For many young Chinese, last month’s annual Spring Festival Gala variety show was the first time they heard one of 2020’s most popular songs. But if neither “The Shepherd in Keketuohai,” nor its original singer, Wang Qi, are well-known among Chinese millennials, their parents knew every word. Such generational divides in music tastes aren’t unusual. What may be surprising is where middle-aged Chinese had first encountered the song: the popular short-video app Douyin. A March search for the song’s name on Douyin returned more than 7 million clips, many from accounts popular among middle-aged users.
That some Douyin users might not be familiar with a song, even as others are constantly hearing it, is a function of the platform’s highly personalized recommendation algorithms, which produce distinct video feeds for each user based on their musical preferences and tastes. “The Shepherd in Keketuohai” is just the latest song to achieve “niche” popularity within a specific market segment on the app. Behind the amusing anecdote, however, lies a challenge: Douyin and other short-video platforms are changing the face of the music industry, leaving once-powerful labels scrambling to adapt, and artists increasingly anonymous.
In the five years since its launch in 2016, Douyin has grown into a major market for pop music. On QQ Music, the largest digital music service provider in China, songs popular among short-video creators are even ranked on a dedicated Douyin Chart. The sheer variety and scale of the app’s user base mean all genres and styles can find an audience, and an increasing number of artists now choose Douyin to debut their new tracks in the hopes of achieving a viral hit.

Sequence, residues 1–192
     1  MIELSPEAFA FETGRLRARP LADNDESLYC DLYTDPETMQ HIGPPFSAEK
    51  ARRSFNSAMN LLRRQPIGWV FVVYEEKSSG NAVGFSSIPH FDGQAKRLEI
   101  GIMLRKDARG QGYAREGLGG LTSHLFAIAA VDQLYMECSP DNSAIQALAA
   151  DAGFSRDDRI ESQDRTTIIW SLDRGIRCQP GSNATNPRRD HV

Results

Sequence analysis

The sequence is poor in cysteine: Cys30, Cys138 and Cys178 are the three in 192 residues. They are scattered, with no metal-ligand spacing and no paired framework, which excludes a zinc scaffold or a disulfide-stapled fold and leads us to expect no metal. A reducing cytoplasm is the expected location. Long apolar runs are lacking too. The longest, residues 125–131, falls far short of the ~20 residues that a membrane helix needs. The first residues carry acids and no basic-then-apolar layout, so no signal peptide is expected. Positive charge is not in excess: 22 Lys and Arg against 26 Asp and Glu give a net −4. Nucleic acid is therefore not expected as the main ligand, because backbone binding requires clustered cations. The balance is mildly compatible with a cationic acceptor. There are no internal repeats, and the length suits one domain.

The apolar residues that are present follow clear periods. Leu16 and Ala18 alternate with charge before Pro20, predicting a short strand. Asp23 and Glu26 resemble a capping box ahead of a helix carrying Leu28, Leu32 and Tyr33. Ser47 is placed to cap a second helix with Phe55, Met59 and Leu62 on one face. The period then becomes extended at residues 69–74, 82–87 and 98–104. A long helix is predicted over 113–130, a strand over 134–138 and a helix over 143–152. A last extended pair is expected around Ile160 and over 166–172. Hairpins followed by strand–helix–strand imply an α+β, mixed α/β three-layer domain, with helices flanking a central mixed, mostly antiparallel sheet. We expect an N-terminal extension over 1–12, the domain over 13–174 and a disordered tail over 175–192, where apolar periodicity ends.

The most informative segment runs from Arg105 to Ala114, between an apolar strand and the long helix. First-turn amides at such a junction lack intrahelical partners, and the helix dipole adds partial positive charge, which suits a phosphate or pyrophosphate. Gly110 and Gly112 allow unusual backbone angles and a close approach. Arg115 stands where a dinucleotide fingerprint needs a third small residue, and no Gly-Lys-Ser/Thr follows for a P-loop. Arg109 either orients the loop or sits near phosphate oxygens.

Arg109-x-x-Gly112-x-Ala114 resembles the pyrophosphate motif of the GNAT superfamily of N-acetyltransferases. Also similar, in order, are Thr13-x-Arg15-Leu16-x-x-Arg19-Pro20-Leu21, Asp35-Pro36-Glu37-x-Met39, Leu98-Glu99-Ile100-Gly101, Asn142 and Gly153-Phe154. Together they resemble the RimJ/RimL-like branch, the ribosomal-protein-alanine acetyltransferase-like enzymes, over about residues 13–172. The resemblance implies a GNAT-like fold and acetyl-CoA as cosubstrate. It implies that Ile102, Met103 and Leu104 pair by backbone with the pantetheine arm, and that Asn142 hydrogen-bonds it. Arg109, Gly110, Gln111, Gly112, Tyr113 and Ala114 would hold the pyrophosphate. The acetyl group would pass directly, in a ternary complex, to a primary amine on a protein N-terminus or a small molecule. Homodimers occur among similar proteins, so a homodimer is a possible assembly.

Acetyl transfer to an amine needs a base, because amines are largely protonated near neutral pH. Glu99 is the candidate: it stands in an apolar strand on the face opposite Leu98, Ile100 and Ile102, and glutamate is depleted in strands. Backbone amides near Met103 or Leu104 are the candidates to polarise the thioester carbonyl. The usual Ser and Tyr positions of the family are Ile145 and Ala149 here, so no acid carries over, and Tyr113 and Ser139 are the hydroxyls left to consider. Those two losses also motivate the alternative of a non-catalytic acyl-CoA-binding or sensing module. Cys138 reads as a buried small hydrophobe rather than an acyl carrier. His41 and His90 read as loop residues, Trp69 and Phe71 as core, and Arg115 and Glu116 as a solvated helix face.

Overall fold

One of the most popular uses of music on an app like Douyin is known as a challenge video. Short clips from songs are played over a choreographed dance, which creators then challenge their followers to imitate. If a given dance challenge shows promise, it is quickly identified by the platform’s algorithms and pushed to a larger user pool. Over time, more and more pop music has been produced specifically with such uses in mind, and songs are now composed to be easily adapted to short videos.
In the early years, however, Douyin struggled to negotiate deals for popular songs with big labels, which typically charge high royalties. Instead, to build a music pool from scratch, the platform shifted its focus onto small- and medium-sized music enterprises. Capitalizing on these companies’ desperation for visibility, Douyin created what it calls a “resource swap”: Small labels offer their music free-of-charge to Douyin, in exchange for top positions on the trending music chart curated by the platform.
A lot of smaller music companies have benefited from this scheme. As for the larger labels, in the words of the Douyin employees I interviewed, the company’s strategy is known internally as “starve the big, feed the middle and small.” This has reshuffled China’s music industry, upending the big labels’ monopoly status and creating a new market. Already, major labels have lowered their royalty fees in order to gain access to the platform’s 600 million users.
But simply lowering these fees isn’t enough for Douyin. It wants to reshape the entire music industry.